They were convicted in the same month in Aberdeen for crimes including theft of a tablecloth and the stealing of money from a gentleman. Another took a shilling and sixpence when drunk.
The five, aged between their mid 20s and early 60s, were transported on the same ship more than 10,000 miles to Van Diemen’s Land to serve their sentences of seven years.
All were convicted in the High Court in Aberdeen in April 1835 - and three of them were neighbours from the same street.
As far as is known, Isabella Watt, Elspet Leslie, Ann Balfour, Margaret Millar and Isabell Cruickshank never saw Scotland again.
They were among dozens of Scots women transported for present-day Tasmania on the same ship.
Anne Balfour, 25, travelled with her nine-month-old baby, leaving her four other children at home in Aberdeen.
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Listed in court records as a single woman originally from Fife, she had worked as a country servant and had skills in milking, making butter and cooking.
She was transported after stealing money given to her by a man to buy whisky and had earlier served time for disorderly conduct.
Isabella Watt, 25, who also had previous convictions, was transported with her eight-year-old child after being convicted of theft and robbery.
Her brothers, James and John, were already in Hobart, then the largest settlement on the island, when she arrived. Her sister, Hannah, followed in 1838 after being convicted of theft.
Lesley Dunbar, an Aberdeen City councillor, has spent two years researching the lives of the five women.
In 1835, Aberdeen was a bustling maritime city which attracted visiting business men, wealthy merchants, sailors and those arriving from the countryside looking for work.
By July 1829, the streets of Aberdeen were so crowded that newspaper reports suggested that people pass each other on the left. As police sought to keep the streets clear for the respectable classes of the North East, handcarts were introduced in 1830 to clear drunks away.
Three of the women from Aberdeen were linked to The Vennel, which sat in the area now known as Upper Kirkgate, right in the centre of town.
After leaving Aberdeen on a packet ship, used to transport mail, the five stopped at Leith to board the Hector along with 69 women from across Scotland.
After leaving Woolwich at the mouth of the Thames, there were 134 women on board.
Ms Dunbar said: “This is a period of massive social change across the country and of course Aberdeen would have been affected by that. You had the rise of industrialisation, dramatic changes in the countryside where land is being enclosed and people moving into the city. There is a churn of people.
“I think transportation was seen as socially useful. There is a rise in crime and the prisons were full.”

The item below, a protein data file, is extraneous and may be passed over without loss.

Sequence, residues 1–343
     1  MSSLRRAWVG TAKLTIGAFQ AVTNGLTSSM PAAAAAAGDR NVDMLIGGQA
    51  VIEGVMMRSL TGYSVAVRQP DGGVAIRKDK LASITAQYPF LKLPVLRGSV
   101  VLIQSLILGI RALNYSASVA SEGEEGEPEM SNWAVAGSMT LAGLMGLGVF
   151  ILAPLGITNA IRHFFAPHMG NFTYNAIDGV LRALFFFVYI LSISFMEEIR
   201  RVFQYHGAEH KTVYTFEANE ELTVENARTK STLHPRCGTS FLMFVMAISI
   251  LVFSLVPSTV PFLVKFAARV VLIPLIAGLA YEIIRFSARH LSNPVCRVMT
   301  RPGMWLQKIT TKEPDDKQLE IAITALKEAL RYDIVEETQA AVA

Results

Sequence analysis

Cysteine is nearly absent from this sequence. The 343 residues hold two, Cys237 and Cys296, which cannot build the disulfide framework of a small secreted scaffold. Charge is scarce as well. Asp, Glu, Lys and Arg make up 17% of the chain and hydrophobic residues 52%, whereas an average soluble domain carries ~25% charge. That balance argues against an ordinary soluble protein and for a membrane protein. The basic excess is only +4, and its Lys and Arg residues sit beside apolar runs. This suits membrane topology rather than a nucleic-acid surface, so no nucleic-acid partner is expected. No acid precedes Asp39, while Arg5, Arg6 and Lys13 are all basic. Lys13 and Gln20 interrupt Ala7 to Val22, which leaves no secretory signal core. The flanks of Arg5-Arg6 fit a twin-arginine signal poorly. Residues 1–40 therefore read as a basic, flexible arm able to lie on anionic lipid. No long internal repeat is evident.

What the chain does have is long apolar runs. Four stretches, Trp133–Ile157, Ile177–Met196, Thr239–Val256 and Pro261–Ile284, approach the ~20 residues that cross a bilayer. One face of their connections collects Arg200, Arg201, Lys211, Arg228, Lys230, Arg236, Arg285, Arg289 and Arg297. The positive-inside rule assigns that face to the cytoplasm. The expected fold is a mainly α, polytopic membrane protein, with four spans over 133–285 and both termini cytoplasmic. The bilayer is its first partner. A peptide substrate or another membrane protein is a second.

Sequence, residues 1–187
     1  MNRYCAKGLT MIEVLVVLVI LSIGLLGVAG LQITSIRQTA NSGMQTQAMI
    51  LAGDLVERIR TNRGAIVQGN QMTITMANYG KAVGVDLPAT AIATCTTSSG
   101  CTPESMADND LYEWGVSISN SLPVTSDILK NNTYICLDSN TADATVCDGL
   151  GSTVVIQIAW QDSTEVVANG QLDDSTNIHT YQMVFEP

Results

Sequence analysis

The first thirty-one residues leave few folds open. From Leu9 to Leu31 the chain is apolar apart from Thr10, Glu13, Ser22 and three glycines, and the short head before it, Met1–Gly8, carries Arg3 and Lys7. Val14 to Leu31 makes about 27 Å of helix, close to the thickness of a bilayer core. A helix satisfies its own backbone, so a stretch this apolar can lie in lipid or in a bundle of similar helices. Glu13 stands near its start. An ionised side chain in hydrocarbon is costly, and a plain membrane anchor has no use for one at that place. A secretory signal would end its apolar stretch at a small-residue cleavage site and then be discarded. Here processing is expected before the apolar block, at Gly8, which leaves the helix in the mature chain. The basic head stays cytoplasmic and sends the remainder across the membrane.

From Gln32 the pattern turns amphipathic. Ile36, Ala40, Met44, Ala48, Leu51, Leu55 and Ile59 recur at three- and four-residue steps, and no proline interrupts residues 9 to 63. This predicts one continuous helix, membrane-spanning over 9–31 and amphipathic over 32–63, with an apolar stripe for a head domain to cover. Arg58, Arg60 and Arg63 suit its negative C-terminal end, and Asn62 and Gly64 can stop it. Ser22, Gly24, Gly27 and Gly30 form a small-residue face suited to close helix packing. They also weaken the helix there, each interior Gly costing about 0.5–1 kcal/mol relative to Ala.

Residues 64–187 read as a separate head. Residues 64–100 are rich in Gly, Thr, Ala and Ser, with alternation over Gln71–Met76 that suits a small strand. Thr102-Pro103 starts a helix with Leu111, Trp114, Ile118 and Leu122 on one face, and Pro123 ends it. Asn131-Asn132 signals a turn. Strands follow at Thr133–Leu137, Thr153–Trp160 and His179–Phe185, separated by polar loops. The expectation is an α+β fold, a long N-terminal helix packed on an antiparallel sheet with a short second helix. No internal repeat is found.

Documents suggest the woman’s voyage on the Hector, a relatively small ship, was a difficult one although the women were fed and looked after.
Clothes were kept clean, water and limes supplied and time spent on the upper deck, weather permitting. Two hours of dancing was sometimes allowed after dinner.
Some did fall ill on the crossing.
Elspet Leslie, who was 62-years-old when she arrived in Hobart, suffered from rheumatism and was put on the sick list by the ship’s surgeon.
After arriving in Hobart, the widow spent more than 130 days in hospital - her stayed charged to the Colonial Treasury - and was described as “incapable” given her age and infirmity.
Isabella Watt was treated onboard for jaundice, her child apparently surviving the trip unscathed.
On arrival in Hobart, all five women were sent to the Cascades Female Factory, a failed distillery which was turned into a form of workhouse prison, Ms Dunbar said.
If well behaved, a life of domestic servitudes beckoned with the Aberdeen women all being sent to work in the homes of wealthy settlers.
Margaret Millar, 40, from the Printfield area, was, returned to Cascades after stealing from the Governor’s House with her sentence extended by two years.
She had transported after stealing one shilling and a six pence when drunk. She had previous conviction for stealing a blanket which earned her a sentence of 20 days.
Ms Dunbar sad: “She clearly struggled, whether it being a servant or just by the fact she was there. She seemed to try and runaway and there are several references to her being drunk. She was obviously very unhappy.
All five were eventually judged to be “free by servitude” after serving their sentences.
Life turned out better for Isabell Watt, who joined the rest of her family in Hobart before marrying and moving to Melbourne.
“You do wonder if Watt and her sister were committing some of their crimes in order to be transported,” Ms Dunbar added.
Around 168,000 people were transported to Australia from the UK between 1788 and 1853 with
Tasmania took the bulk of offenders during penal transportation from UK to Australia between 1788 and 1853. Today, around 70 per cent of the Tasmanian population can claim a convict ancestor, Ms Dunbar said.